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Latest blog entries

How do I incorporate the web into my daily work practices?

Some of the biggest challenges I’m finding at the moment is helping staff here think not about how to incorporate the web into their work practices but thinking about how do I use the website to make my job easier. Find some strategies and tips here.

By: Dr Lynda Kelly, Category: Museullaneous, Date: 11 Dec 2009

Students show their cultural objects

We went to a school in Sydney to find out what cultural objects are personally significant to Year 5 students. What we found was intriguing and, in some cases, quite moving.

By: Ms Helen Wheeler, Category: Lifelong Learning, Date: 10 Dec 2009

The Participatory Museum

Went to a talk on The Participatory Museum given by Nina Simon on 9 December as part of the Powerhouse Museum's Innovation Series. Here's my notes.

By: Dr Lynda Kelly, Category: Museullaneous, Date: 10 Dec 2009

Thumbs up for climate change exhibition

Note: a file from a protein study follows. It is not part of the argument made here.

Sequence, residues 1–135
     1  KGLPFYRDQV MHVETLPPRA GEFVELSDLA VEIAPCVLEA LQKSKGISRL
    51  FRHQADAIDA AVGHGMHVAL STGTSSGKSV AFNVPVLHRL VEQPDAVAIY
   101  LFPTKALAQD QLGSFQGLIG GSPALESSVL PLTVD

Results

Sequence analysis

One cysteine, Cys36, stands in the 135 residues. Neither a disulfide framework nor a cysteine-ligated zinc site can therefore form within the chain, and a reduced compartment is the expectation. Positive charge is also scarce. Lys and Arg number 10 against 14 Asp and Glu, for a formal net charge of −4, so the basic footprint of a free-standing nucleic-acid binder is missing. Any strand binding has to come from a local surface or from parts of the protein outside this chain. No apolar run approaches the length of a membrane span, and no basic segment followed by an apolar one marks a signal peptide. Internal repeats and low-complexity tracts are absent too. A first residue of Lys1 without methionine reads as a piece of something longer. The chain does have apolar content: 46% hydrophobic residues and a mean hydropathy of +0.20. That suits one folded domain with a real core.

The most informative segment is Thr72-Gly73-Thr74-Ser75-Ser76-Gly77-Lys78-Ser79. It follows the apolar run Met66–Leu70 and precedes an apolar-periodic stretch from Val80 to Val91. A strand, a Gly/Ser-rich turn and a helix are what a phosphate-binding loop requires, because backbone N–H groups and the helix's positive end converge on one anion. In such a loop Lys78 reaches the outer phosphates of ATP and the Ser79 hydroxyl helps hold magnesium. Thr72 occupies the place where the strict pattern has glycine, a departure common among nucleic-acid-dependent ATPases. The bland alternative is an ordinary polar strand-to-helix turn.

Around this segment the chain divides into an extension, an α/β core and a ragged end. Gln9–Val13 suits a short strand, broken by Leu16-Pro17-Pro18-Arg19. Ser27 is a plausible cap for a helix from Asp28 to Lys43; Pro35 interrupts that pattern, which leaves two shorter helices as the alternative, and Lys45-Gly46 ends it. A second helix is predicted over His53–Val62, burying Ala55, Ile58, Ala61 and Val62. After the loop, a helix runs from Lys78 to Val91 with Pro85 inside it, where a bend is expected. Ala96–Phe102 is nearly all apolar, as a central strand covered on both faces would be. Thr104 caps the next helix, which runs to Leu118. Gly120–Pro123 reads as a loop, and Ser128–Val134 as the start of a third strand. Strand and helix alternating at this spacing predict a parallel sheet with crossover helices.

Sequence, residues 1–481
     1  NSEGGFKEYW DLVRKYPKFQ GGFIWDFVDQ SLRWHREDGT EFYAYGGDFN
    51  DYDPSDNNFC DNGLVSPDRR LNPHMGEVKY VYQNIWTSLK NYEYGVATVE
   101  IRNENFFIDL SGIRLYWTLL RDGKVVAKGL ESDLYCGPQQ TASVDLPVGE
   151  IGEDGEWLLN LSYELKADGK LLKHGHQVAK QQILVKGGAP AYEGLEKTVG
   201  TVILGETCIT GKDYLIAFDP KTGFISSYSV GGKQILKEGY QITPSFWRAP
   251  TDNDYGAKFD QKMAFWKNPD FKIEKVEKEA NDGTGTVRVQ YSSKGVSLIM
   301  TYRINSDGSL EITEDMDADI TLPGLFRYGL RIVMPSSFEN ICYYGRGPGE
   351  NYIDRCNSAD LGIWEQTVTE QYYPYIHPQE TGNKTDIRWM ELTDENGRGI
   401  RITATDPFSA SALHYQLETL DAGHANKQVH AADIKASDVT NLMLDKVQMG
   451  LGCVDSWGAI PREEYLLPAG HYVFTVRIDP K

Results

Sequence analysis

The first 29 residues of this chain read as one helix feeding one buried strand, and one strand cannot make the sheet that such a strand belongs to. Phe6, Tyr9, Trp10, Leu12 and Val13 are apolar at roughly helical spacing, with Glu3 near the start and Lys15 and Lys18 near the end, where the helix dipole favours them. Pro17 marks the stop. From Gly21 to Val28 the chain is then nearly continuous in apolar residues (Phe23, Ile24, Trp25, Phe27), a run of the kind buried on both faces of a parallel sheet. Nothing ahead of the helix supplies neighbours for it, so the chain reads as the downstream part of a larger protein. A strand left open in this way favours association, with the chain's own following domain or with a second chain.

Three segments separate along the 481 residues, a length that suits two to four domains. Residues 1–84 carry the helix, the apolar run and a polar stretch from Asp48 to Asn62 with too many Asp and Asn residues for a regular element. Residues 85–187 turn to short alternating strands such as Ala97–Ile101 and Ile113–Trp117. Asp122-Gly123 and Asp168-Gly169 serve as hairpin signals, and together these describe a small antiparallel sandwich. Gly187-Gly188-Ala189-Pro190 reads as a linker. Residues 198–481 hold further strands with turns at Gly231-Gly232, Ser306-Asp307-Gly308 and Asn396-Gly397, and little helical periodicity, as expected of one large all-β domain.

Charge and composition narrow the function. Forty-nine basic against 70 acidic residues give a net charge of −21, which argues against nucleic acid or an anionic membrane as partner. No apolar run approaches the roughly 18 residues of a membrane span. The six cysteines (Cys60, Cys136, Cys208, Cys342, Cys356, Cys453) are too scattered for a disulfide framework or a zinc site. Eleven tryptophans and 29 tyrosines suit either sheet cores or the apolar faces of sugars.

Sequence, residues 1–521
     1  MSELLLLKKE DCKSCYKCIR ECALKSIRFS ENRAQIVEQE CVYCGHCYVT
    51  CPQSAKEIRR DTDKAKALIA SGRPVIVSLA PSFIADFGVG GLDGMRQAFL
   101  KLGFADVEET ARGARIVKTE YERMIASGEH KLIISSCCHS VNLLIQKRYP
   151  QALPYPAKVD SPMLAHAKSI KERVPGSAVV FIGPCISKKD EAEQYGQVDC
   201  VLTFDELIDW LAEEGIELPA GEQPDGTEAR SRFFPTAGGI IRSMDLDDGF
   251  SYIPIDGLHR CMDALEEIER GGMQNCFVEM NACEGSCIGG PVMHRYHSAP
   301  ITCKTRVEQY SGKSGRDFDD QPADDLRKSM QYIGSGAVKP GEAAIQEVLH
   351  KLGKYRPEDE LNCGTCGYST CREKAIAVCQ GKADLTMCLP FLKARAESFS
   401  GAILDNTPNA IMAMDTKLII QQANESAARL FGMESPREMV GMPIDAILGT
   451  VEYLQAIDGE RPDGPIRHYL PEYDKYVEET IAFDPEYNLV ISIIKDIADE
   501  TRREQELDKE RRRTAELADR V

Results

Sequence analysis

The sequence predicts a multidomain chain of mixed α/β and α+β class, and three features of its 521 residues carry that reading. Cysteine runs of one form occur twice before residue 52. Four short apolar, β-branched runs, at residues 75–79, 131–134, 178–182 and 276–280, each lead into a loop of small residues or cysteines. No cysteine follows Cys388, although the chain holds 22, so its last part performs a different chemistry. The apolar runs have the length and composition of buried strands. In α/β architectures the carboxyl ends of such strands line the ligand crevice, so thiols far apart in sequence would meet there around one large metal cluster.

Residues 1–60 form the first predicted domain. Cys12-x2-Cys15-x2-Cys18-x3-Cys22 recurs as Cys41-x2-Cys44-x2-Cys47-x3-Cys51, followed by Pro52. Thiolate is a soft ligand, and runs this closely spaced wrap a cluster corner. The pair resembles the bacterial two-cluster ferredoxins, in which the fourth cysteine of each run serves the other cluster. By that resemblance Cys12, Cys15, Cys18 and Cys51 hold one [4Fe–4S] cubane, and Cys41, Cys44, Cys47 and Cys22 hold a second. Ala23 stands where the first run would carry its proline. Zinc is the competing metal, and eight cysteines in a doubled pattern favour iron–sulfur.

The Australian Museum’s recent exhibition Climate change: our future, your choice has received an award from Museums and Galleries NSW.

By: Catherine Cooper, Category: Science, Date: 09 Dec 2009

Has the cucumber changed its spots?

Recent research indicates the presence of a new species of sea cucumber at Lizard Island on the Great Barrier Reef.  

By: Prof Maria Byrne, Category: Science, Date: 09 Dec 2009

Myriad of amphipods on the GBR

A recent study has revealed hundreds of species of amphipods (shrimp-like creatures) living on the Great Barrier Reef, almost half of them new to science.

By: Rebecca Hancock, Category: Science, Date: 08 Dec 2009

Trilobite translations

Find out why a new publication, the Trilobite Record of China, co-edited by Australian Museum palaeontologist Dr Yong Yi Zhen, has made life a lot easier for the world’s trilobite experts.

By: Rebecca Hancock, Category: Science, Date: 08 Dec 2009

Copenhagen

The People’s Orb has arrived in Copenhagen.

By: Parrys Raines, Category: Science, Date: 08 Dec 2009

How to detect newly introduced species

Museum scientists compared two strategies to predict the whereabouts of an introduced bee – one using climate suitability data and the other habitat preference. Find out which strategy worked best.
 

By: Dr John Gollan, Category: Science, Date: 03 Dec 2009

Micropredators lurk among the seaweed

Argentinean and Australian Museum scientists have discovered a guild of micropredators living on seaweeds in the coastal waters of southern New South Wales.

By: Dr George D. F. (Buz) Wilson, Category: Science, Date: 03 Dec 2009